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DISABILITY-RESEARCH  March 2004

DISABILITY-RESEARCH March 2004

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Subject:

Re: "The Curious Incident of theDog in the Night Time"

From:

Mitzi Waltz <[log in to unmask]>

Reply-To:

Mitzi Waltz <[log in to unmask]>

Date:

Tue, 16 Mar 2004 12:21:27 +0000

Content-Type:

text/plain

Parts/Attachments:

Parts/Attachments

text/plain (158 lines)

m99m, thanks for making me laugh this morning!
btw, I feel it's ok, even accurate, for
"Christopher" to use non-PC terminology when
talking/thinking about his classmates. Kids can be
cruel or self-centred, and that includes kids with
"special needs." My own son (who has a diagnosis of
high-functioning autism) went through a phase of
calling kids at school "retard," having picked up
the word from some $%$%. This required a long
explanation of why a) it was a bad thing to do and
b) it was an especially bad thing for him to do,
having been on the receiving end of such words and
knowing how it feels. There have certainly been
times when he was annoyed with things classmates or
friends did that had to do with their disability. I
can remember him coming home from a summer programme
upset because almost all of the other students were
non-verbal, leaving him feeling that there was no
one to talk to. He has a general sense of connection
with anyone who has a disability, which is kind of
interesting, but still probably wouldn't cope well
with faeces in the toilets.
It would have been nice to see some character
development around this isue in "Christopher," but
one doesn't write fiction to prove a point or to
educate--the characters get into your head and come
out the way they will, really. I know the author is
a former school assistant/care worker, and I'd bet
some of what he wrote came from his own efforts to
imagine what his life might have been like had he
been in the shoes of one of his clients. Which means
the book is more about the author than about a boy
with Asperger syndrome, in the same way most novels
reflect their authors far more than reality.
-- Mitzi

----- Original Message -----
From: m99m <[log in to unmask]>
Date: Tuesday, March 16, 2004 11:01 am
Subject: Re: "The Curious Incident of theDog in the
Night Time"

> .
> The author is Mark Haddon.
>
> The Italian title is "Lo strano caso del cane
ucciso a mezzanotte",
> whichis a little more informative than the English
title, i.e. it
> says the dog
> was bumped off in the middle of the night.
>
> (If they had used such an explicit title in UK,
Tony would have
> declared a
> People's Day of Mourning for the Dog, and Blunkett
would have
> declared a
> National State of Emergency and had every dog's
paw prints
> recorded, and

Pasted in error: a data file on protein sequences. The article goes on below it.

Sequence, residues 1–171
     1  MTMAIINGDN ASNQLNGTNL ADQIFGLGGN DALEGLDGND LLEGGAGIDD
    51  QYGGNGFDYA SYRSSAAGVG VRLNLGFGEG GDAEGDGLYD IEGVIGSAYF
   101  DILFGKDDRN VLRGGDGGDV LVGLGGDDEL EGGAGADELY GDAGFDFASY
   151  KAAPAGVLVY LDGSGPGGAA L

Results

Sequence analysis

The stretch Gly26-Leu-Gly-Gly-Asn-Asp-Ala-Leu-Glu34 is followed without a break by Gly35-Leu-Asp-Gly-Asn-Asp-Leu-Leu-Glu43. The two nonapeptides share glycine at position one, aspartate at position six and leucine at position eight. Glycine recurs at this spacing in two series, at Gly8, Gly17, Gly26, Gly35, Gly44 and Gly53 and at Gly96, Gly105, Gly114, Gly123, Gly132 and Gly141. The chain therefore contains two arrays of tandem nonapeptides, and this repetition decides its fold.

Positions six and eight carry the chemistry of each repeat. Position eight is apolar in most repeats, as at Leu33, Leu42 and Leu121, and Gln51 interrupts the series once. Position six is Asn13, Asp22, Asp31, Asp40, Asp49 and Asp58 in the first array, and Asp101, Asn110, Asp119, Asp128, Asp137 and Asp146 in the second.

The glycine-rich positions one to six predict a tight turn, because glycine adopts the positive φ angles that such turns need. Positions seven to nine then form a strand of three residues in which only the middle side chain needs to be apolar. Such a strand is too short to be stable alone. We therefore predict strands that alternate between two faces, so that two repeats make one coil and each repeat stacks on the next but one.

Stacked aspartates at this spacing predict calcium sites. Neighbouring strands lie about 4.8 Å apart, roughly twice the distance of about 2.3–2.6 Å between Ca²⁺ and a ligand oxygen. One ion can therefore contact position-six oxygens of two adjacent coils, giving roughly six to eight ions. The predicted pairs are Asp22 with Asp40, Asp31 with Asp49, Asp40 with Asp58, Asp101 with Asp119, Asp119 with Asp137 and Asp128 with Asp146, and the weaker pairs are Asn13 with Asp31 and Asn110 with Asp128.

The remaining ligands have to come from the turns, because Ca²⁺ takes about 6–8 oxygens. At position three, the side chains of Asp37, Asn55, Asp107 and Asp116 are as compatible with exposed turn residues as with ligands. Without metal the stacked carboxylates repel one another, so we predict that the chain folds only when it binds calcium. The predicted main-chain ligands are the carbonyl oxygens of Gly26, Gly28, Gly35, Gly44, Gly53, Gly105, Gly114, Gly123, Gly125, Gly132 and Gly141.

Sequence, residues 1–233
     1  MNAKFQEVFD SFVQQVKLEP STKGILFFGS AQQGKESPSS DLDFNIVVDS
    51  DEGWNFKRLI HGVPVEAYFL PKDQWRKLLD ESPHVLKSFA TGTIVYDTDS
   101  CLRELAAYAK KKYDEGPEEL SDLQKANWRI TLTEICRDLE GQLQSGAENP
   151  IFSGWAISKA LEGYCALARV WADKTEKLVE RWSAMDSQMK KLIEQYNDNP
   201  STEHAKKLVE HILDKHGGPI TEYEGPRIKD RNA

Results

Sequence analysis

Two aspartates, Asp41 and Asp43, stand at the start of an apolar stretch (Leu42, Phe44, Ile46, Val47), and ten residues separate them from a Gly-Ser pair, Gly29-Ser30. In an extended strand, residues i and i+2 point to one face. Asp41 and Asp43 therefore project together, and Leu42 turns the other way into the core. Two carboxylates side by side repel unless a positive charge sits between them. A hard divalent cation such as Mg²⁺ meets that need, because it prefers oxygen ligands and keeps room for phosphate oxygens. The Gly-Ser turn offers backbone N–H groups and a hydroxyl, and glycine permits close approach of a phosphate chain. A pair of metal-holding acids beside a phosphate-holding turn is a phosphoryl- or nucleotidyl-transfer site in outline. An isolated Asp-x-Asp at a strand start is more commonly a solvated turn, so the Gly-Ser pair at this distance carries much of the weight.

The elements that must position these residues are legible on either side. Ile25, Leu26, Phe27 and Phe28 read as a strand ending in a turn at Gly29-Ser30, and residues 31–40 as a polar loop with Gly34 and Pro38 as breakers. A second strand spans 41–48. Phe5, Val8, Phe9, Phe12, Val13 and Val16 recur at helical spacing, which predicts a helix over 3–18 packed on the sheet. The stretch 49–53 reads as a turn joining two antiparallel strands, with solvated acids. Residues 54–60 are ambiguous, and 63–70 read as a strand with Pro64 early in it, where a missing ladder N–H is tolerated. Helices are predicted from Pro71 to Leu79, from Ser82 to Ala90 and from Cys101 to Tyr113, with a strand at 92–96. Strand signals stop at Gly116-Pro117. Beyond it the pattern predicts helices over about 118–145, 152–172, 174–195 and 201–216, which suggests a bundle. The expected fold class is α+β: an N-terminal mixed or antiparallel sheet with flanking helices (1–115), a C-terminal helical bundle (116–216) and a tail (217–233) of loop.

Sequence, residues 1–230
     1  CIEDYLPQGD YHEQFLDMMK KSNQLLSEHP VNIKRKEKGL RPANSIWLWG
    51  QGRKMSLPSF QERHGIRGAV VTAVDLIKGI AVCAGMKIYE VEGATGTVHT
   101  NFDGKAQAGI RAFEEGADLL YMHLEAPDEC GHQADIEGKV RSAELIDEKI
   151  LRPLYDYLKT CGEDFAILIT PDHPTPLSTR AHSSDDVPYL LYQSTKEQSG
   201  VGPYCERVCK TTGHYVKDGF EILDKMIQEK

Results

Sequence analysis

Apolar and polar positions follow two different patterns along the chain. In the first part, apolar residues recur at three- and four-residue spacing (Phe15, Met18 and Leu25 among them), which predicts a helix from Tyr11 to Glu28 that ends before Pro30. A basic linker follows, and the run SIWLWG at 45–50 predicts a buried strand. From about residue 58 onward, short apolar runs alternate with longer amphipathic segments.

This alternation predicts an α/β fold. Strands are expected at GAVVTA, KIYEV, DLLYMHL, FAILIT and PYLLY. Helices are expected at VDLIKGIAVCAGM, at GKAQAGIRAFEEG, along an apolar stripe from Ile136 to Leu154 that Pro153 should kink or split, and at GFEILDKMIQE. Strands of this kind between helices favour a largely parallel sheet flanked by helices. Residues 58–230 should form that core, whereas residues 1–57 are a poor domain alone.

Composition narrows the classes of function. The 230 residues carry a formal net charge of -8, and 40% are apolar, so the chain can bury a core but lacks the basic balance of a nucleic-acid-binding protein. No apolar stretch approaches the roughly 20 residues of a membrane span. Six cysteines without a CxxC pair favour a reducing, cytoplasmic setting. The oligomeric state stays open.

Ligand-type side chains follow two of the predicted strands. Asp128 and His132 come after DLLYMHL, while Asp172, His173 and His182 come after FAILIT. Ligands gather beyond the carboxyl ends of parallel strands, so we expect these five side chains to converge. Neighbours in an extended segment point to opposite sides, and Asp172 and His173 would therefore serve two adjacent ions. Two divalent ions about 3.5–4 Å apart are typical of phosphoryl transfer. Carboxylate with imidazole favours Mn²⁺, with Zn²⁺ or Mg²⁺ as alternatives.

> lost on a computer. A Scientific Commission of
Enquiry might also
> have been
> set up to discover the precise timing of the
death, to report
> within five
> years).
>
> The book - a work of fiction - is related in the
supposed voice of
> a 15-
> year-old boy with Asperger's syndrome, attending a
school for
> children with
> special needs. (Non-disabled children therefore
shout "Special
> Needs!" as
> an insult. If UK gets a bit more modern,
presumably they will shout
> "Yah-ha
> Included!")
>
> The boy's own remarks about children with physical
disabilities,
> perhapsarticulating a covert public opinion, are
rather
> contemptuous. However, he
> is not portrayed as an expert on PC terminology.
His views might
> have been
> influenced by the fact that he does not like the
smell or sight of
> otherpeople's excrement, and therefore cannot use
the pupils'
> toilet at school,
> which is liberally smeared with this product.
>
> The language used by adults throughout the book is
of a kind that
> could not
> legally have been published in UK 40 years ago.
The religious
> cursing may
> have been tidied up in the Italian version, and
the film version (in
> progress) might, I suppose, use less of the
procreational epithets
> for the
> American market.
>
> People with Asperger's who have, for years, been
irritated by the
> Rain Man
> being the standard reference point, can now look
forward to 30
> years of
> being "understood" by complete strangers in terms
of Christopher
> Boone, the
> supposed Asperger hero of the Curious Incident.
(However, in the
> film he'll
> probably make Professor of Math at Cambridge,
which he doesn't in
> the book).
>
> Although the book has sold well in the UK, close
textual analysis
> has been
> delayed because everyone's copy has been loaned
out by their
> partner to
> someone at the office whose cousin has a child who
might have
> Asperger's.
> m99m
>
> ________________End of message______________________
>
> Archives and tools for the Disability-Research
Discussion List
> are now located at:
>
> www.jiscmail.ac.uk/lists/disability-research.html
>
> You can JOIN or LEAVE the list from this web page.
>

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